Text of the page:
Taggers paint the town red
They arrive in the affluent suburbs and in city centres late at night, armed with cans of spray-paint.
Now Durban's upmarket Umhlanga Rocks Drive and La Lucia Ridge have become the latest canvases on which illegal graffiti artists, or "taggers", inscribe their names with much embellishment.
Since January the tagger graffiti has made an unwelcome appearance on street-side Telkom and electricity boxes, and on the exterior walls of homes.
Durban North-Umhlanga Community Police Forum's Haden Searles said: "It is vandalism and it is a crime.
"Residents pay huge rates to live in these areas and now have to witness the decay of their community.
"No one in any area wants to see these untidy markings on property that belongs to their community."
In the past, tip-offs have led to the forum arresting the vandals but it has yet to identify the latest graffiti gang.
A 16-minute video clip posted on YouTube two weeks ago (which has since been removed by the user) shows several graffiti crews "bombing" walls, light poles and street signs in the Johannesburg city centre.
The vandals in the video are dressed in dark clothes and hide behind bins and trees as police vehicles speed by. One artist begins "bombing" - spraying several surfaces in a single area - while others keep a look-out.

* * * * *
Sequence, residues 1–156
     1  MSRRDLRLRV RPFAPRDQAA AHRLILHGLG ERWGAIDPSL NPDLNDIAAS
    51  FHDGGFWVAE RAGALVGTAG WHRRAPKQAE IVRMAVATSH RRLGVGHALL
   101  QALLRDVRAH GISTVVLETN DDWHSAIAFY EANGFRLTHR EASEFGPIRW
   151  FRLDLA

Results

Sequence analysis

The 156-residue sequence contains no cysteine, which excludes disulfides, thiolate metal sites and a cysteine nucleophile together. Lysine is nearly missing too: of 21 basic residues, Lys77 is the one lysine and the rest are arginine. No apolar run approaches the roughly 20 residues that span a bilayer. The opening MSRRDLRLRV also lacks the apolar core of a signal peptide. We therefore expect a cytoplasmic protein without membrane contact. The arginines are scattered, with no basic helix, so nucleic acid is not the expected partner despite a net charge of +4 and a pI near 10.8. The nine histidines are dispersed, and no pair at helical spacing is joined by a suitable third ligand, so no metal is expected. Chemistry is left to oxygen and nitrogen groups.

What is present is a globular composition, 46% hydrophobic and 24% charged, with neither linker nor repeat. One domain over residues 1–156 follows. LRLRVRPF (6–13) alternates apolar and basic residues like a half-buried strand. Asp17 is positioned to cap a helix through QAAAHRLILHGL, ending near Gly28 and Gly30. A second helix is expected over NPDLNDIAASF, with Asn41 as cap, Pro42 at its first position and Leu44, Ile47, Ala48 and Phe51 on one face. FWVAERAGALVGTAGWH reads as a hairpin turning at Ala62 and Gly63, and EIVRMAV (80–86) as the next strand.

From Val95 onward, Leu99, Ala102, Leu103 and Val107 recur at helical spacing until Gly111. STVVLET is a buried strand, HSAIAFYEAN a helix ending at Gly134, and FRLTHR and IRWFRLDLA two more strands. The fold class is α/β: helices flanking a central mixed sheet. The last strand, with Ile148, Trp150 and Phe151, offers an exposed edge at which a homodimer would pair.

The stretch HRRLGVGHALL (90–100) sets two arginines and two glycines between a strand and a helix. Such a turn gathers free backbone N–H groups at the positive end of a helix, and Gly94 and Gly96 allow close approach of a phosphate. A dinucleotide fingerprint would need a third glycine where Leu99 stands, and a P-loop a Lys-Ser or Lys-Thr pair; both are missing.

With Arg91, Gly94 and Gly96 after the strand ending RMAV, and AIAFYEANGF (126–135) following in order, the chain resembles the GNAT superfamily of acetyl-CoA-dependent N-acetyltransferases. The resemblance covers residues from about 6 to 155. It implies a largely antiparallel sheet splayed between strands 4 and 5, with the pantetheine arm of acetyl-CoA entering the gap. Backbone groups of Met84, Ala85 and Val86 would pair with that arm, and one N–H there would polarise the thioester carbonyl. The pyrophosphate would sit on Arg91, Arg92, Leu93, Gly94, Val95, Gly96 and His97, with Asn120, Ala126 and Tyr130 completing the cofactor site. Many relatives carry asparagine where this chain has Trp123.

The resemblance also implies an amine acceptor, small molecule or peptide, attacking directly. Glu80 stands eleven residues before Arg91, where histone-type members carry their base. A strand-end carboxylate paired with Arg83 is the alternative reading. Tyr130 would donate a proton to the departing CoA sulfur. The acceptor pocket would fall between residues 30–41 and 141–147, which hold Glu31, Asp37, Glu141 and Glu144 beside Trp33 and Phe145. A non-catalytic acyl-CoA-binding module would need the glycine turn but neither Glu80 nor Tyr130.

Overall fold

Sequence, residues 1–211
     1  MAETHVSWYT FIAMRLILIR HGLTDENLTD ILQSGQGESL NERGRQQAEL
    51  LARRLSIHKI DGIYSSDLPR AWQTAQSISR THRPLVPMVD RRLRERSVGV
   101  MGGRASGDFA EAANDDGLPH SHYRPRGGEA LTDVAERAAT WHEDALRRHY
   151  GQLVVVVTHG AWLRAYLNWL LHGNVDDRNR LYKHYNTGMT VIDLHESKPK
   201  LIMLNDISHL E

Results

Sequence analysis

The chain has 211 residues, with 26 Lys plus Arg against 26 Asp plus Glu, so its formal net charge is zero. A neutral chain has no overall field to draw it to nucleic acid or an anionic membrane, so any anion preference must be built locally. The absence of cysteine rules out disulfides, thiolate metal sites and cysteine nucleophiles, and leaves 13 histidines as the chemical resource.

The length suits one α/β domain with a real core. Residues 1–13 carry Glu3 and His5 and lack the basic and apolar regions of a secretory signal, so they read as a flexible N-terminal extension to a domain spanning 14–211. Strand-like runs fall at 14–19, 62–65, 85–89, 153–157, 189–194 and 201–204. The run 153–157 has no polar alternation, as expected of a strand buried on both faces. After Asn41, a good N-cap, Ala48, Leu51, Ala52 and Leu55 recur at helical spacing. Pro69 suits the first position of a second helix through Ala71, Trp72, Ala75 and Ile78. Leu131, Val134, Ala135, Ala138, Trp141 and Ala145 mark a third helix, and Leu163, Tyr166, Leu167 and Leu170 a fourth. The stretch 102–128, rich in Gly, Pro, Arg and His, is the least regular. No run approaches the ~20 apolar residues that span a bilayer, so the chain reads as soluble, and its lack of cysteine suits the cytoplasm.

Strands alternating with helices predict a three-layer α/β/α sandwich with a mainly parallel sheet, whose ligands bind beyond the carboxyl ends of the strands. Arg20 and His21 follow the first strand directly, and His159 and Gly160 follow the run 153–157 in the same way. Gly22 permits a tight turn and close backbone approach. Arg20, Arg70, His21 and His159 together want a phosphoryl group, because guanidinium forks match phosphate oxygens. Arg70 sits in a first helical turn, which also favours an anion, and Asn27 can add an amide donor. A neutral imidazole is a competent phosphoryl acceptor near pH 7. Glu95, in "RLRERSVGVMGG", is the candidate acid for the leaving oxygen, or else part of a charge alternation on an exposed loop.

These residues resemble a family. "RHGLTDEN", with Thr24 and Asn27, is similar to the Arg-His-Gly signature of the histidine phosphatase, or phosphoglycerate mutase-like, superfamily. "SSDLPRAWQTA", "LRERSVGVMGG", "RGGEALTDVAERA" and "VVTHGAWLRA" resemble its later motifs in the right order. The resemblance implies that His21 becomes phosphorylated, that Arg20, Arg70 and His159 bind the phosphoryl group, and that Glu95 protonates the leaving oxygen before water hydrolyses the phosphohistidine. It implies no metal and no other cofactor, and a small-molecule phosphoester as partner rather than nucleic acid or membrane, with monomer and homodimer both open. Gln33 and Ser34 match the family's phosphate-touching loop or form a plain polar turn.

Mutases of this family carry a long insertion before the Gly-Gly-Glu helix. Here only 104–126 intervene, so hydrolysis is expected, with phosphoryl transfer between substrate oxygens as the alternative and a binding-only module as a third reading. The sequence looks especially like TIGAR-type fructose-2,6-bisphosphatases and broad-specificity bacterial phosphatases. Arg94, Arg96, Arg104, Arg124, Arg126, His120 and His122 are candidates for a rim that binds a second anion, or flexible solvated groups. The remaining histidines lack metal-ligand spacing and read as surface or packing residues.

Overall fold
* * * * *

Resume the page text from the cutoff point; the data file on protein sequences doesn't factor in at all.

Handré Heunis, the founder of Graffiti Removal Services, which has removed more than 260000 tags since 2004, said crews often target Johannesburg's upmarket northern suburbs, forcing residents to pay for the "artwork" to be chemically removed.
He said vandals merely moved to another area when their work was erased.
Heunis admitted: "It's difficult to say whether we are winning the war against this form of decay."
Gary Roper, owner of the company's Durban branch, said plush areas such as Umhlanga, Durban North, Hillcrest and Kloof were popular targets for taggers.
"The authorities have to be more proactive in enforcing the law.
"It is illegal. Simply painting over it will not solve the problem."
A prolific graffiti artist known as "Ewok" said tagging was illegal.
"It might not be considered art and I can see how people will think of it as vandalism.
"Although I am not saying it is right, as artists we do not see it as just scribbled signatures. We appreciate the technique and the creativity used."
He said tagging crews did not have a particular preference for upmarket areas.
"All a graffiti artist sees is a wall."
Ewok said that tagging was not usually linked to gangsterism.